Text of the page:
After the 9/11 attacks, the psyche of the United States was permanently damaged. The nation that champions human rights on the international stage suddenly fell into an unbridled rage, urging no mercy for the terrorists responsible. Of course, no one who witnessed the horrors of 9/11 with their own eyes sought any mercy for al-Qaeda. The attacks were monstrous, killing nearly 3,000 innocent people and leaving effects that still reverberate today. Yet, that lust for revenge quickly spiraled out of control. The wars in Afghanistan and Iraq, despite how righteous they seemed at the time, turned into maelstroms of death and destruction. The “War on Terror”, as coined by President George W. Bush, cost the American public $8 trillion dollars and caused the deaths of 4.7 million people, a majority being innocent civilians.
Many in the mainstream media, as well as Israel’s Ambassador to the U.S., have referred to the Israel-Hamas War as “Israel’s 9/11.” Both al-Qaeda and Hamas’ horrific and sudden attacks share common ground in their brutality and the loss of innocent life. Both, as well, represent perilous moments for their respective nations. These moments, however, are not just perilous in terms of national security. The invasion by Hamas, like the terrorist attacks by al-Qaeda, has the very real chance to spiral into a humanitarian crisis where innocent civilians bear the bloodshed.
As the war began its first days, I found myself retreating from social media. This was not to avoid seeing what was happening on the ground in the region; that is an unpleasant truth that everyone must confront. Instead, it was to avoid the flood of vicious and often genocidal rhetoric. Posts urging Israel to bomb the Gaza Strip into nothingness were equally as common as posts defending Hamas’ music festival massacre and mass hostage taking. Social media websites represent a global village, and in this village I saw flashes of the same resentment that rose in the post-9/11 U.S.
More real than social media posts is the effects the accelerating war has on the ground. The war has already claimed thousands of lives, and incited the mutual and now inconsolable fury between the two parties. As Israel claims it has nearly expelled the final pockets of Hamas-backed militants from its territory, the nation is now facing a new front of its own design in the war. Israel has imposed a “complete siege” of food, water and energy in the Gaza Strip and gave the territory’s northern half 24 hours to evacuate, putting its population of nearly 2.5 million people in peril and garnering concern and condemnation from United Nations Secretary-General Antonio Guterres and Human Rights Watch.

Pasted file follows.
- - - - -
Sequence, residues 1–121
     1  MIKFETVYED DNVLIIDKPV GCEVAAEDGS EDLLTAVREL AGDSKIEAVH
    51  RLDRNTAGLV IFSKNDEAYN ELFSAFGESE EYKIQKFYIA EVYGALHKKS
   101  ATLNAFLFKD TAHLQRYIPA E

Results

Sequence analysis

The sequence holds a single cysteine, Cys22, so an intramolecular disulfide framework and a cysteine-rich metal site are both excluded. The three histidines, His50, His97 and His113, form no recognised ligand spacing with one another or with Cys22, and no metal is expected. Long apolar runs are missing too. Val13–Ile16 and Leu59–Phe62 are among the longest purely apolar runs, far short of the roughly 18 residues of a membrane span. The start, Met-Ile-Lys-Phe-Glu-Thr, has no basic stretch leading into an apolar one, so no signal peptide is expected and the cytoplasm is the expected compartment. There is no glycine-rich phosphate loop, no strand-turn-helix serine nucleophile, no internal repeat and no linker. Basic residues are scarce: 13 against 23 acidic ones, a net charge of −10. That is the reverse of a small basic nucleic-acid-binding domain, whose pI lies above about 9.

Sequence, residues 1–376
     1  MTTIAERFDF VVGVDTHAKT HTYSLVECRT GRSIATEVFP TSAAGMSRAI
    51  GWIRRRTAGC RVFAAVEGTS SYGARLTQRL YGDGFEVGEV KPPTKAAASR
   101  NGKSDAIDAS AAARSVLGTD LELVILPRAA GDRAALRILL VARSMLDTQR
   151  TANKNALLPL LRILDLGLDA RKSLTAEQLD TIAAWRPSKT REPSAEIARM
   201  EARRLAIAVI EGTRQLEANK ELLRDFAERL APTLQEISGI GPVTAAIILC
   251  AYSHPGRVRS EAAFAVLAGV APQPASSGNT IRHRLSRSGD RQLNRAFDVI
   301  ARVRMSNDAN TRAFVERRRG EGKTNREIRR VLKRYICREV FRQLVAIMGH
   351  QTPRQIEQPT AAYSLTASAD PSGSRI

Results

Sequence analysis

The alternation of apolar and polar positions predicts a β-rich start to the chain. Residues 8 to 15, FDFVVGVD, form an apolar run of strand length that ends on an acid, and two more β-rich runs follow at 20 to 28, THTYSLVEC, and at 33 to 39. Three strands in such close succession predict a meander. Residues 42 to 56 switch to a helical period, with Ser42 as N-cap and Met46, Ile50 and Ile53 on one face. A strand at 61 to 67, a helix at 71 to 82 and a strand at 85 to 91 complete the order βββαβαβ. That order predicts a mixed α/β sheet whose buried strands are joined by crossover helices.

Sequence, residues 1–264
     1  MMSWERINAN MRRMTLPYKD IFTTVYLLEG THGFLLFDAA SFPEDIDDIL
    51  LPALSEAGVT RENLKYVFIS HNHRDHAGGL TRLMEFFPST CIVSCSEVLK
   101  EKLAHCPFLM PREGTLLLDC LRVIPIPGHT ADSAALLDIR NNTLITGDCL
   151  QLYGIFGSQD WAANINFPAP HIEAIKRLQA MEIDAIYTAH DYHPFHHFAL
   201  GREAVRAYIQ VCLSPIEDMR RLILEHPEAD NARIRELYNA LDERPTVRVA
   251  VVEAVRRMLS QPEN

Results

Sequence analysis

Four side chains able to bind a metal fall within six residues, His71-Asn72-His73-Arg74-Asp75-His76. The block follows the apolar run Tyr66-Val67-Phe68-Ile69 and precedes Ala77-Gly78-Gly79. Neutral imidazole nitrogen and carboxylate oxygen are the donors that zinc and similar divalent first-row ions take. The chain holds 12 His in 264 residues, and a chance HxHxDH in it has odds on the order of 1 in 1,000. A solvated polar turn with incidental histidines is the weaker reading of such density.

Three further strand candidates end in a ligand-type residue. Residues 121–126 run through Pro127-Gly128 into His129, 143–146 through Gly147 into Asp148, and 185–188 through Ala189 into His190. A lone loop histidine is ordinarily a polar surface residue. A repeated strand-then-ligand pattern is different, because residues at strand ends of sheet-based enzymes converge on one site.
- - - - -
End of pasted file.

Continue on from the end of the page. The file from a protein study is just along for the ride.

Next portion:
After 9/11, the U.S. channeled their grief into firepower, U.S. troops were on the ground in Afghanistan within a month on a mission to bring Osama Bin Laden to justice and depose the Taliban-led government. The war ended with Bin Laden killed, but also the Taliban returned to power, nearly $2 trillion wasted, and tens of thousands of allied troops as well as Afghan civilians killed. The U.S. followed its entry in Afghanistan with a war in Iraq to depose the country’s president, Saddam Hussein. The mission was based on Hussein's supposed possession of weapons of mass destruction and his ties to al-Qaeda; claims that proved to be complete and utter lies. The Iraq War is estimated to have cost the U.S. upwards of $3 trillion and killed around 300,000 Iraqi civilians, as well as 4,431 U.S. troops.
This is not to say that Israel’s response should be no response. The nation has faced a heinous attack that has rattled the very foundation of its existence. Israel, however, must not forget the cost of war that was so brazenly shown by America’s post-9/11 conflicts. Before the war, Israel had already imposed a land, air and sea blockade of the Gaza Strip that plunged the populace into poverty. With Israel preparing for a ground invasion on all fronts of the third most densely populated territory in the world, the crisis is reaching a tipping point of humanitarian catastrophe at a breakneck pace.
Just as America sought to defang the Taliban and overthrow their rule, Israel seeks to end Hamas’ control of the Gaza Strip. Once America completed this task, the War in Afghanistan fell into disarray. Civilians suffered, soldiers died, and the extremist Taliban garnered support and wrested back power. The destruction of Hamas will provide Israel needed security and garner few tears shed, but the destruction of the Gaza Strip will bring ruin to millions of people and ignite a hatred that will cause anti-Israel sentiment in the region to explode. If Israel completes its mission of destroying Hamas successfully, it must not forget the lessons of 9/11. The environment of war calls for reason, not bloodshed, and the Palestinian people must be alleviated of suffering, not forced to account for Hamas’ terrorist attacks.